Chinese Startup signs deal to overcome computational bottlenecks

China Mobile’s research institute has signed an agreement with Origin Quantum, a Chinese startup specialising in quantum computing.

Chinese Startup signs deal to overcome computational bottlenecks

China Mobile, the world’s largest telecom carrier with 900 million mobile subscribers, is looking into ways to use quantum computing to overcome the computational bottlenecks that 5G and 6G technologies face. China Mobile’s research institute has signed an agreement with Origin Quantum, a Chinese startup specialising in quantum computing.

“This is the first cross-sector cooperation between quantum computing and the telecom industry in China, which has big value in exploring potential applications of quantum computing in big data as well as complex network construction and optimization in the field of mobile communication,” said Guo Guoping, a professor of quantum computing at the University of Science and Technology of China and chief scientist at Origin Quantum.

Origin Quantum, based in Hefei, Anhui Province, will provide quantum communication algorithms based on verifications by its superconducting quantum computer, OriginQ Wuyuan, to assist in overcoming computational bottlenecks in 5G and 6G networks.

According to Cui Chunfeng, president of the China Mobile Research Institute’s future research institute, the 5G era has seen an exponential increase in computing demand from signal processing, network optimization, big data analysis, image processing, and other tasks. Traditional computer algorithms are struggling to keep up with such demand.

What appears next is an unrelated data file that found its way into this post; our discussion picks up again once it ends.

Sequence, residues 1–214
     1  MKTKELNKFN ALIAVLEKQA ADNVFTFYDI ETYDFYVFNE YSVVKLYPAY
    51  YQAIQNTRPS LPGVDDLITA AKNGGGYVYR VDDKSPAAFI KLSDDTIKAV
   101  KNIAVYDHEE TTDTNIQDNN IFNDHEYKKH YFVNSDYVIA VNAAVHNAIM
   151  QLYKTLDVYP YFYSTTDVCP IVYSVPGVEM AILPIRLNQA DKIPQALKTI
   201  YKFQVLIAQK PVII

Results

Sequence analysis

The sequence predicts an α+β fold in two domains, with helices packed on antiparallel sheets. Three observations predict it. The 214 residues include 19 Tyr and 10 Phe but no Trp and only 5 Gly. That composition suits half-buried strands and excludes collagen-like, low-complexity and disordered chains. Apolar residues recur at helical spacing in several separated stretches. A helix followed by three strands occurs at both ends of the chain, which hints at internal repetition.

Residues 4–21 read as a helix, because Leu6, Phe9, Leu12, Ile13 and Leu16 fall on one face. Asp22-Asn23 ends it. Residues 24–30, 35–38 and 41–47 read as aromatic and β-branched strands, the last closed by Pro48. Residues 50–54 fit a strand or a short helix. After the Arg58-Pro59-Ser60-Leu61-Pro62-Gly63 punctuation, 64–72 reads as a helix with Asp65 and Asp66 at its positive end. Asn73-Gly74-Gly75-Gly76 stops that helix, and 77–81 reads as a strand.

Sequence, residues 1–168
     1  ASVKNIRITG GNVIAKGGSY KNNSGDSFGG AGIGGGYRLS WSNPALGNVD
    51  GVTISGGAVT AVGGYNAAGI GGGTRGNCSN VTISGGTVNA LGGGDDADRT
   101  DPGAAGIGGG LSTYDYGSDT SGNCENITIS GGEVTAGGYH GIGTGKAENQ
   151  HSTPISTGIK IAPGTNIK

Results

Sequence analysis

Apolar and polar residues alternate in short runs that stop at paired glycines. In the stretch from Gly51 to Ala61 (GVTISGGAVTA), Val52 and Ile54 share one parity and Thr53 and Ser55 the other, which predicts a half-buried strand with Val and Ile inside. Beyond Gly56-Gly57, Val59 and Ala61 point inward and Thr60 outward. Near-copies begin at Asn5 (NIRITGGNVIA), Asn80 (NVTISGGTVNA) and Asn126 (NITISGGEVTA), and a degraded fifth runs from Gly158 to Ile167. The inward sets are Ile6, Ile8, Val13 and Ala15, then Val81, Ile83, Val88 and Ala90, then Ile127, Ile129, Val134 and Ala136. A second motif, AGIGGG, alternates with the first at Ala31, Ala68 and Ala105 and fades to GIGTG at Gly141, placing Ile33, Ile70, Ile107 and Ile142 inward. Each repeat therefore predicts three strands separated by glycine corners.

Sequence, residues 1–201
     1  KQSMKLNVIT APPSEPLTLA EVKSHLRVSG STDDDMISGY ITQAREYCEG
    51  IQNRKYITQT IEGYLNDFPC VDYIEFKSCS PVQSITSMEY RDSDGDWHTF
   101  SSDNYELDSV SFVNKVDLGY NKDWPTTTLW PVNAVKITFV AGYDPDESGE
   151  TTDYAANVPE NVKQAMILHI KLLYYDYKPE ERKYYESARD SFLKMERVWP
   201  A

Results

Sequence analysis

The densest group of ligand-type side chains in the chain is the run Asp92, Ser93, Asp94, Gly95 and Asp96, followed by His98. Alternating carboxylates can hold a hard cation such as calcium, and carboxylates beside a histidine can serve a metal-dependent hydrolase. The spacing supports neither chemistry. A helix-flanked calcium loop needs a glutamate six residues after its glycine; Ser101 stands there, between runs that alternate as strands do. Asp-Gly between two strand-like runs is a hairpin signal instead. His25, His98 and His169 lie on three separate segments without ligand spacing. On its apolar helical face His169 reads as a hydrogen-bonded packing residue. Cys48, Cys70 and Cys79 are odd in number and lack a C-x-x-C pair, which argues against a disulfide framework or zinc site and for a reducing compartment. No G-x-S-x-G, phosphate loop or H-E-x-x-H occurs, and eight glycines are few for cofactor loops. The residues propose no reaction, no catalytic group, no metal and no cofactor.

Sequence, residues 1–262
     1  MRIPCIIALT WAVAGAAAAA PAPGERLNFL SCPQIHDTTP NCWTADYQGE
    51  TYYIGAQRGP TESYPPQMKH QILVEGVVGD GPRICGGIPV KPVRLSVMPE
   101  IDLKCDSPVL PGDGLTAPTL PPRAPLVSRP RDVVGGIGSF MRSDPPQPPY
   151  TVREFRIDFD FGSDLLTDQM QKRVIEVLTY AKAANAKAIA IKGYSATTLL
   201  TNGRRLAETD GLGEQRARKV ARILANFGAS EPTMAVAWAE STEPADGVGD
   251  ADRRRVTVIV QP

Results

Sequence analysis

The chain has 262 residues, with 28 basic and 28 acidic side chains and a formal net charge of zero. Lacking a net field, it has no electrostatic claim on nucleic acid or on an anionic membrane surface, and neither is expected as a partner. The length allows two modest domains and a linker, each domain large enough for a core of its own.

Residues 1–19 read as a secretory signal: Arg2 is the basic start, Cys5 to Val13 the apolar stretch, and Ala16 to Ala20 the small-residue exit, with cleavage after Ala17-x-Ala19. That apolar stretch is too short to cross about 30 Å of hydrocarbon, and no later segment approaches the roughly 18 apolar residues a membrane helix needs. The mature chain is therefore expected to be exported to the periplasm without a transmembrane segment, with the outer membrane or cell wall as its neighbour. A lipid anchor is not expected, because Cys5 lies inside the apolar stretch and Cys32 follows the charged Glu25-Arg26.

In the future, 6G will require even higher computing capabilities than 5G. It will be necessary to introduce new technologies, such as quantum computing, to help solve this challenge, Cui said.

Given its ability to harness the laws of quantum mechanics and solve calculations too complex for even the most powerful conventional supercomputers, quantum computing is widely regarded as one of the most groundbreaking technologies.

According to Dou Menghan, deputy director of the Anhui Quantum Computing Engineering Research Center, a quantum computer would process calculations that would take a supercomputer 10,000 years to complete.

According to Dou, comparing the computing power of a quantum computer to that of a conventional computer is analogous to comparing a conventional computer to an abacus.

“We hope to explore the possibility of applying quantum computing to enable network optimization, network autonomy, network security, and the metaverse, and we hope to solve computational bottlenecks for the development of a future network,” said Cui of China Mobile.

According to the latest Global Quantum Computing Technology Patent Filings Ranking List released in October by the innovation index researcher incoPat and intellectual property media IPR Daily, Origin Quantum is ranked first in China and sixth in the world by the number of invention patents it has applied for in quantum computing.

According to Han Jian, head of the secretariat of the China Institute of Communications’ quantum computing committee, China has more than 1.3 billion phone users, and leveraging quantum computing to process telecom data is a new field that could grow into a multibillion-dollar market.

According to a report by global consulting firm McKinsey & Co., quantum computing will be worth up to $700 billion by 2035 in industries such as pharmaceuticals, chemicals, automotive, and finance.

In its 14th Five-Year Plan (2021–25), China stated that it will accelerate frontier science and technological blueprints such as quantum computing and quantum communication.

Internationally, US technology companies such as Google, IBM, and Microsoft are hastening the development of quantum computing platforms. Chinese tech titans such as Alibaba, Baidu, and Tencent have also entered the quantum computing market.